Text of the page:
My husband, Jack, was raised in Australia. When he was four years old, his family traded their life in beautifully gray, reserved, traditional England for a new life in the thick, tropical heat in a suburb of Brisbane. There, they first lived in a house on stilts. Jack recounts his childhood years with visceral joy, filled with gardening, sunshine, friendship, discovery.
This year, on a trip to visit his family in the Australian countryside, Jack and I gathered together with his parents and sister to watch old home videos that were discovered in their recent move. After jokes about the now-antiquated VHS tapes and camcorder, we settled in on their green leather couch with flat whites and lemon cake balanced on our laps.
It was the first time I heard my husband’s voice as a child. The first time I saw him eating cake dipped in milk (a favorite snack of his) as a child. The first time I could see his expressions as a child. I glimpsed mannerisms of this younger boy that I now seen in the strong 30-something man I have loved for the last five years.
I was flooded then with a new kind of love for him, for who he used to be, for the child within him still. I could see his former vulnerability, his growing, ever-present sensitivity. I saw joy, of loneliness, of contemplation, of curiosity spread flash across his familiar features. I somehow loved him even more, seeing his world through his eyes and spread behind him like a backdrop.
The scenes of young Jack and his dear younger sister were punctured by shots of vibrant green trees surrounding his family’s home, of his family swimming in the roaring, sparkling ocean, of the sounds and signs of unfamiliar wildlife. I loved, then, a little more, the country he loved, too. It was the landscape that nurtured him, that nurtured his courage, attention, and capacity to love the world.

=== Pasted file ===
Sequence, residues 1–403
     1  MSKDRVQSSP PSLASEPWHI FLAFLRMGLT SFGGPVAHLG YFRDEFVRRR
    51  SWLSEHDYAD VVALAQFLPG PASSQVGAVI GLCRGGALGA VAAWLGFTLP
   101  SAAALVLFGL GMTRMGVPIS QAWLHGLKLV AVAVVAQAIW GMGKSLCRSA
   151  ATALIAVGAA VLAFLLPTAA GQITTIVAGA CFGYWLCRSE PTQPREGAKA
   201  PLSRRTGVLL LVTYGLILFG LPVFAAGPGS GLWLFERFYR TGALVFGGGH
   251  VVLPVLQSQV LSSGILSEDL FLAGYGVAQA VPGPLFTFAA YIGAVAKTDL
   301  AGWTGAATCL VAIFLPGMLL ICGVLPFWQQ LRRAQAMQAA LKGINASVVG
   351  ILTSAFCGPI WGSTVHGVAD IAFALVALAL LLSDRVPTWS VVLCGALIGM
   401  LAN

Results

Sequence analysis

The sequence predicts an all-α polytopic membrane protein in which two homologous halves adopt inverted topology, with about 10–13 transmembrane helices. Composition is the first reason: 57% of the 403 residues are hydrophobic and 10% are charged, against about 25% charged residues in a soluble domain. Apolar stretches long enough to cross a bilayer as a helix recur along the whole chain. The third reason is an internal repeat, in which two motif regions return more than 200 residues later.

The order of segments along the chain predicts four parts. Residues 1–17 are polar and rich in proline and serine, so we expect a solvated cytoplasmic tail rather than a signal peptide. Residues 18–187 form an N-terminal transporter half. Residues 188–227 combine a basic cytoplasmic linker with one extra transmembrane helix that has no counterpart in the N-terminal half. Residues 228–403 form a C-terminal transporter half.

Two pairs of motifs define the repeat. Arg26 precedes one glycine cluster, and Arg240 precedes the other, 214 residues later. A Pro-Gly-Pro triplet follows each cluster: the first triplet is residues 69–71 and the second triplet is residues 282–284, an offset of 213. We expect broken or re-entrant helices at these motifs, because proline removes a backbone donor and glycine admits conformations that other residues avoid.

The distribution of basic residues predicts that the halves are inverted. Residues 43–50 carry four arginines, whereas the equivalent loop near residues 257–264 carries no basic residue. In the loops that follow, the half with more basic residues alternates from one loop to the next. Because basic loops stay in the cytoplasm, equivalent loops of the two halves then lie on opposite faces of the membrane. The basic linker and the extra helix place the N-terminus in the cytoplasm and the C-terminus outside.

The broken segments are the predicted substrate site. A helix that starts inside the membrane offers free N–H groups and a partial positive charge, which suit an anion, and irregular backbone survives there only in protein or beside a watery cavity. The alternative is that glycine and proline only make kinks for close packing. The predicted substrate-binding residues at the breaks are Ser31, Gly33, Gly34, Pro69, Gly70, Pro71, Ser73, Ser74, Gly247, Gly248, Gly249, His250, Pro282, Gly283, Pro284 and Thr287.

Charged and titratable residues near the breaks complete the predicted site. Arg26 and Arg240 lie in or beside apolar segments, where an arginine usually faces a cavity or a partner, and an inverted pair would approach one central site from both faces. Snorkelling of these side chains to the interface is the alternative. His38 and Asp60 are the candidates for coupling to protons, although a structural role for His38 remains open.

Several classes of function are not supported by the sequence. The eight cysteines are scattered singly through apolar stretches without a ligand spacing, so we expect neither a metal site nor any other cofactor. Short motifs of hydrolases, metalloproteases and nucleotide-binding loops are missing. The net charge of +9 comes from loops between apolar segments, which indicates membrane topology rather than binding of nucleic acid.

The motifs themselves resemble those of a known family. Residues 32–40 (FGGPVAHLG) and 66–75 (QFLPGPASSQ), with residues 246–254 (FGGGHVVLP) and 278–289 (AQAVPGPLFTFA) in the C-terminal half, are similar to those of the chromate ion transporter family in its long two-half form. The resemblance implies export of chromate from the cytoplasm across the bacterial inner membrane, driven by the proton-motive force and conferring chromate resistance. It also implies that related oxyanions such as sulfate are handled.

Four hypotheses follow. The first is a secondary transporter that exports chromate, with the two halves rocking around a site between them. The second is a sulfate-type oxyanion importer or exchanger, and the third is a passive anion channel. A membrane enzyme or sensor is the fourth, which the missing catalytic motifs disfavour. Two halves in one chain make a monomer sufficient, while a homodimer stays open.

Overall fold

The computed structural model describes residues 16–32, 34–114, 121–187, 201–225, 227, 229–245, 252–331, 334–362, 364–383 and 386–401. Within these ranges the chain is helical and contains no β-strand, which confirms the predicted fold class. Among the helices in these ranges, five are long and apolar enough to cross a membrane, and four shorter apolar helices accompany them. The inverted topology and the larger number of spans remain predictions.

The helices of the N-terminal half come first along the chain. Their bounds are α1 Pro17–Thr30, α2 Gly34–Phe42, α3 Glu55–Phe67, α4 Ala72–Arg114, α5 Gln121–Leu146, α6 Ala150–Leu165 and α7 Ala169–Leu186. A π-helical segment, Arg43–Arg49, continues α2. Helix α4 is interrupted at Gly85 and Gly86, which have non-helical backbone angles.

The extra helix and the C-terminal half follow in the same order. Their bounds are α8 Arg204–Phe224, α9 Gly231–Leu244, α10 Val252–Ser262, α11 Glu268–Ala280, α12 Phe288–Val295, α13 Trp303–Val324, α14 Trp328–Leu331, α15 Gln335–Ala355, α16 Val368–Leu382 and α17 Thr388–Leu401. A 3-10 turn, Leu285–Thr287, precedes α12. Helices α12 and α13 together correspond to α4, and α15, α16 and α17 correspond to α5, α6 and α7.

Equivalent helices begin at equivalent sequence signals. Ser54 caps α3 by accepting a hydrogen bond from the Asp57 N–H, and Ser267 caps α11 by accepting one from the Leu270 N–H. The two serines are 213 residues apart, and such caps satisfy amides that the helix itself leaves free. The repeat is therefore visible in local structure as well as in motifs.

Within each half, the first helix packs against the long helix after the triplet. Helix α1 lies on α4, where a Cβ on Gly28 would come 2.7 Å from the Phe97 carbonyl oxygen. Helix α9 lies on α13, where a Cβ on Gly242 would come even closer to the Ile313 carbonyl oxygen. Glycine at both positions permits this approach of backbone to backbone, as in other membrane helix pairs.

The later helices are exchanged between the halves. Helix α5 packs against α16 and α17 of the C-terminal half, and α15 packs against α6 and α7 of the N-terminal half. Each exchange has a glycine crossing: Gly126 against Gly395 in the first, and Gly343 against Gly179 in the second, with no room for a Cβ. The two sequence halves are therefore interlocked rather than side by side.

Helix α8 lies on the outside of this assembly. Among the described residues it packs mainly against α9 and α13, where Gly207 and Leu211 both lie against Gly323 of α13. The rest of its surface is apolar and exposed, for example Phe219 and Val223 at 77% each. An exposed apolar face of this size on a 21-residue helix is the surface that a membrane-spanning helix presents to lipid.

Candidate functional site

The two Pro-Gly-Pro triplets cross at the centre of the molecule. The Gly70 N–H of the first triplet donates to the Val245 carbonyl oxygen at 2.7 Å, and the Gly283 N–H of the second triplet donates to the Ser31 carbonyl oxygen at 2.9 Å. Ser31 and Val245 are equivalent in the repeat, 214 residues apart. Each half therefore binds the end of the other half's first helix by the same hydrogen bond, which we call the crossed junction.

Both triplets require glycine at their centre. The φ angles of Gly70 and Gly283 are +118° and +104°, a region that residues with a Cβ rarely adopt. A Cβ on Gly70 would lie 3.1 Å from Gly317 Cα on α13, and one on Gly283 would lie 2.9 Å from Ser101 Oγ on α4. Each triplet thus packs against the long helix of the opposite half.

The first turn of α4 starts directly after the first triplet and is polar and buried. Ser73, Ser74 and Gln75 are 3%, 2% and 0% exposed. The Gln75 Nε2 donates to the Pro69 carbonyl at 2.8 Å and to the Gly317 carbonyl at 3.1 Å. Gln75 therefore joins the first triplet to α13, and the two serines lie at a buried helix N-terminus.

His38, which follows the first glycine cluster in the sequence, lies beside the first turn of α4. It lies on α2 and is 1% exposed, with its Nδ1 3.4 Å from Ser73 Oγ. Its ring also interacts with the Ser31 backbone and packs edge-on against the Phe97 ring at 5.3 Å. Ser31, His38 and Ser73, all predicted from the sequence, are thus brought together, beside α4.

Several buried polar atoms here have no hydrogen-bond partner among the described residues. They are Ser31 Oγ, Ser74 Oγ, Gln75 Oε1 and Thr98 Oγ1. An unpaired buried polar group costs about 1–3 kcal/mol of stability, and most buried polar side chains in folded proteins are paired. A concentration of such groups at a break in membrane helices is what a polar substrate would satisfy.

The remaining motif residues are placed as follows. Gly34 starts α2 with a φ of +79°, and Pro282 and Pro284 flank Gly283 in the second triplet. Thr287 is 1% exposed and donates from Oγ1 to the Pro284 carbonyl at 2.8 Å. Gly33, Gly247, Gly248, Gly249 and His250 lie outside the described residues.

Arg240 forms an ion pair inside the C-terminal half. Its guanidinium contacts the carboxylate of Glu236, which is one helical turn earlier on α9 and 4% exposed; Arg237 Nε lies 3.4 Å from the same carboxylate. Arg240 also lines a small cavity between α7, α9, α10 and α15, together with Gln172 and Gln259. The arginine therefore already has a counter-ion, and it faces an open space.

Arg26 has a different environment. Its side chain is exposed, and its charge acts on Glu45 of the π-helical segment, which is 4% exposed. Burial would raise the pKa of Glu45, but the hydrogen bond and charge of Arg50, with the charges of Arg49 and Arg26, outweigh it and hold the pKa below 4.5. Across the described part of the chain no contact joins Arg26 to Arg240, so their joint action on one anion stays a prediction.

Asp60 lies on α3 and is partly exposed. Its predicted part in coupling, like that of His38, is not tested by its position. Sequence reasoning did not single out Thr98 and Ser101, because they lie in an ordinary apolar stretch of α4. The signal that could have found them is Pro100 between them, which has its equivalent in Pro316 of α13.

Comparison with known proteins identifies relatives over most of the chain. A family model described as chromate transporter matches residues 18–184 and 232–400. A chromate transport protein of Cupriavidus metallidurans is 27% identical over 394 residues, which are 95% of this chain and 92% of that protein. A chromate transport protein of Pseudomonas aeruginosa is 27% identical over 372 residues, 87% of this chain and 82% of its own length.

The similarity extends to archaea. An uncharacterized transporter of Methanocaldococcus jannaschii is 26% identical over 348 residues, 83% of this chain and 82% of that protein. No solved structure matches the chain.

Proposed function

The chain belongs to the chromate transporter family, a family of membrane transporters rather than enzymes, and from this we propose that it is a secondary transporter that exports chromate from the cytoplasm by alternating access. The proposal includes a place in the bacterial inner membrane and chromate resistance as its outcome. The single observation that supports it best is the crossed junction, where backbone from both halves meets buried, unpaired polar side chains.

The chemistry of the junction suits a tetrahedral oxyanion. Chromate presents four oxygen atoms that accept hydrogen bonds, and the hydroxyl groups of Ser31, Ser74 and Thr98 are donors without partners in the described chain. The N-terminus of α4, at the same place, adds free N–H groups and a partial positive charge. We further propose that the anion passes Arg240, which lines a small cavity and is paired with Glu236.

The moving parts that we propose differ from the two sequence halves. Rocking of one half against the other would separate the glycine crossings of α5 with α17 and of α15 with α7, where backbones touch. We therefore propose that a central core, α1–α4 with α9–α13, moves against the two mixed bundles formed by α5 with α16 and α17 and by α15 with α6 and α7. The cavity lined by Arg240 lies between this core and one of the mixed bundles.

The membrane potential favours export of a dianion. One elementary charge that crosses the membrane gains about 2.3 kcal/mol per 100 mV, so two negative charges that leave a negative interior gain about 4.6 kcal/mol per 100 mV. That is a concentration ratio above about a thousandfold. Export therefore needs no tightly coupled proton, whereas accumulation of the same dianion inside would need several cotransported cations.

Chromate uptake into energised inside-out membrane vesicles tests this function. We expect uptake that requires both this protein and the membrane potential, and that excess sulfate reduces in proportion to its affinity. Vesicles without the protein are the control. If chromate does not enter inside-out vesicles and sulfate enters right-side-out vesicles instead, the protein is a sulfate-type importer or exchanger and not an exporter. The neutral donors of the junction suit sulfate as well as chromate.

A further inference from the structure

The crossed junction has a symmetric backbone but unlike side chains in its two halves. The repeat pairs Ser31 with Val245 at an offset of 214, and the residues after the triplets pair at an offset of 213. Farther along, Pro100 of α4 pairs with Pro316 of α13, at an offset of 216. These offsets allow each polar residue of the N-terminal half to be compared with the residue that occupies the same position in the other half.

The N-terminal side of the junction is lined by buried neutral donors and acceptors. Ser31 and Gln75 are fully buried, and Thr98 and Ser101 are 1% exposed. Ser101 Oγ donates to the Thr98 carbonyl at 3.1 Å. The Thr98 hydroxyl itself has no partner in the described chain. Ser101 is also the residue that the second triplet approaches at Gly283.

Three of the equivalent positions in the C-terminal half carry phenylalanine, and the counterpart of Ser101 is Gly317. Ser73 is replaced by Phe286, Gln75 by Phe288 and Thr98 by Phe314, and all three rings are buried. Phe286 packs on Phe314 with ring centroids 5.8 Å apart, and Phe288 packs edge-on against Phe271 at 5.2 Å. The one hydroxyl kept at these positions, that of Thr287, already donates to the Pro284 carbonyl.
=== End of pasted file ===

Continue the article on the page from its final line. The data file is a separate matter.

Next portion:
This new kind of love, this week, has led to a new kind of pain and outrage at the sight of the rampant, unprecedented wildfires. Friends and relatives, even those without any connection to Australia, have donated to relief causes and posted detailed articles to raise awareness.
Vast swathes of protected land are on fire, if not already turned to ash. Entire towns have burned to the ground. People have died, others have been displaced, driven from their homes onto beaches that look apocalyptic. Animals have died, unable to outrun the horror. Whole species are expected to be wiped out. The air is clouded with toxic smoke. Nothing in the landscape, under these conditions, can nurture life.
Images of firefighters carrying and caring for animals, of American firefighters offering assistance, of families clutching onto one another as they take in the sight of their burned homes are heartbreaking. Thinking about my husband taking delight in the place that raised him as a child, only made absorbing these images even more gut-wrenching. Vulnerability, sensitivity, flourishing are being swallowed by destruction.
I could write with demands for change. I could write about hypocrisy, my own and that of others. I could write more about destruction or more about protection. There are others who are more qualified and capable of doing so. Today, I will simply leave you with this: remembering what is worthy of protecting and why we are called to act is just as important as risk calculation, resource management, and policy change. It may not be everything on its own, but it is indeed something foundational: the origin of life-sustaining work. As Hildegard of Bingen, the 12th century German mystic, once wrote, “Glance at the sun. See the moon and the stars. Gaze at the beauty of earth’s greenings. Now, think. What delight God gives to humankind with all these things. . . . All nature is at the disposal of humankind. We are to work with it. For without we cannot survive.”
Use your eyes to see and your hands to heal as you are able, imbued by the goodness you contain within you today. Then, begin again tomorrow.